Warny 2011 – War in the cross winds
MB’s Warny report
Well it was another wind swept Melbourne to Warrnambool (does this race ever have pleasant weather?) – suppose that’s part of the fun. That and the fact that a reasonable club rider with enough spare time to train, can race along side some of Australia’s best.
I’m talking the complete experience – closed roads, police escorts, a convoy of team cars, feedstations and the madness of a full size peloton. That might be all in a days work for many racing the Warny but for myself and many others its a novel experience, so allow me to share;
The day started out calm enough with light winds and a humid air – at 17 degrees it was a full 14 degrees warmer than the 5am car packing experience of last year. Things were looking good.
Rolling up to the Werribee race track at 6.30am on schedule (@kellyvantil team car DS had a briefing to attend) it felt like ample time to get ready. But between making final clothing decisions, checking the rig and finding team mates the hour evaporates in a flash. Before you know it, you are lined up alongside 210 others in peak racing form.
So off we set at 7.30am, with the typical nervousness of a big bunch, twitchy from tapering and too many carbs. The race carried on at a modest sort of pace till the first left hand turn, which heralded the first cross wind section. This was pretty early on in the day when the wind was still pretty light (perhaps 20kph) so whilst it strung out, it was nothing too severe. (although apparently at the back this is where the first hand-full of riders started getting shelled)
Rolling along enjoying the experience of a neo-pro peleton
As you can imagine this was just a warm up to the bottle of fury that was to be opened later on. The second turn left into the cross winds was pretty short and uneventful, and I was kept near the front by @wescords who was my designated super domestique for the day. Wes was moving me towards the front during this sector when 3/4 of the way up the peloton I got chopped off by someone who then sat up, so I got to watch Wes roll all the way the front and pull a turn (thinking I was on his wheel!) Anyway it had the desired effect and I was close to the front for the next right hander that took us adjacent to the You Yangs.
Along the You Yangs road, with the national park to our right the bunch contracted again into the now head wind, and sure enough just behind us Wes and I heard the horrible crack and thud of carbon and flesh hitting the deck. It went on for some seconds so we can only assume more than a couple riders got caught up.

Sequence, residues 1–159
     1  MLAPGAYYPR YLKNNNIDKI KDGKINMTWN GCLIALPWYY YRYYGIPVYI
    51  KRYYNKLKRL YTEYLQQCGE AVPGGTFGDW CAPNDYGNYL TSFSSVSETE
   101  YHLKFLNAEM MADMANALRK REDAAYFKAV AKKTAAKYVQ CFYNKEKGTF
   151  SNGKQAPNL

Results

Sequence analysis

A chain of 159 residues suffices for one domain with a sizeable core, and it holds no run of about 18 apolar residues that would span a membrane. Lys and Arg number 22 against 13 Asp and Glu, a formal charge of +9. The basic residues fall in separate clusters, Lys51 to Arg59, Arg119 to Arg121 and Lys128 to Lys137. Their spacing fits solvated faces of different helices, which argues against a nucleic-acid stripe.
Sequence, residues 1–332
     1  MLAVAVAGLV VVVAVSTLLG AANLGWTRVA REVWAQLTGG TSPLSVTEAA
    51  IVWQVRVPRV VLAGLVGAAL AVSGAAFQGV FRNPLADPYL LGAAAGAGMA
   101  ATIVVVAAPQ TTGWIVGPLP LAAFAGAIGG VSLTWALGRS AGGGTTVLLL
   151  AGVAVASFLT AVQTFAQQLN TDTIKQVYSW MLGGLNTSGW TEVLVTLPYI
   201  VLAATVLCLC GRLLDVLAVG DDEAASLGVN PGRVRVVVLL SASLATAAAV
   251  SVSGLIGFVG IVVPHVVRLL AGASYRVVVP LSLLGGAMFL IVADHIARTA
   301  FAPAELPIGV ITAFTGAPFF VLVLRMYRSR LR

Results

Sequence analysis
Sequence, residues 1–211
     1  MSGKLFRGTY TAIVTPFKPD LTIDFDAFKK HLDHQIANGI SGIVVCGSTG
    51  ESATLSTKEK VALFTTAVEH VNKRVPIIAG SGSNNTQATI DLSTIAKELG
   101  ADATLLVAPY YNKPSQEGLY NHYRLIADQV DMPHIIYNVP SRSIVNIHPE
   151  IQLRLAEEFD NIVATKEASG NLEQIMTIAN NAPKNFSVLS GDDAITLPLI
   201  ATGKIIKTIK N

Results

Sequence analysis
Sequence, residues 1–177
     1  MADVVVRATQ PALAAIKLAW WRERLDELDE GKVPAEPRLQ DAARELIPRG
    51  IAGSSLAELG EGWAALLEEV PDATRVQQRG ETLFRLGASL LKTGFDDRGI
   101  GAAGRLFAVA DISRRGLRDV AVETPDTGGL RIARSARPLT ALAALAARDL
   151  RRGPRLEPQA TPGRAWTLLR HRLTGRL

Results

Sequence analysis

Less than 1K later it was on again, with another left turn into an increasing wind. This time the Pro riders legs where a little warmer and the pace got fast (A grade crit fast) weaving forward I kept out of trouble again till the next right hander. Even though a selection had been made with the pace slackening into the head wind, a group of shelled riders where able to catch back on and the numbers swelled.
So again into another headwind section and a crawling pace (like 20 to 25K per hour at times) until, yes you guessed it, another left hand turn. This time I got seriously far forward, sweeping around the right hand side of the traffic island booting into the turn to emerge at the head of the race. This time things didn’t get aggressive very fast, so it was no big effort to roll echelon turns with a few Plan B riders. Soon though, this 280Watt (medium hard) rolling started to get aggressive, like when you and a few mates are out to wreck each other, and soon we were joined by a Search2Retain rider, then a Genysis rider who proclaimed loudly ‘It’s a swarm’ after which time things got nasty fast. I rolled a few more turns helping turn up the pace, which was surely unpleasant down the back, till I overcooked it and decided to drift back. This meant dropping the wheel a couple of times which made the odd swarming Genysis rider a bit angry but hey not everyone can keep peddling at 400Watts indefinitely. Anyway dropping back a little and taking shelter in the top 30 riders made for a relatively comfortable cross wind sector.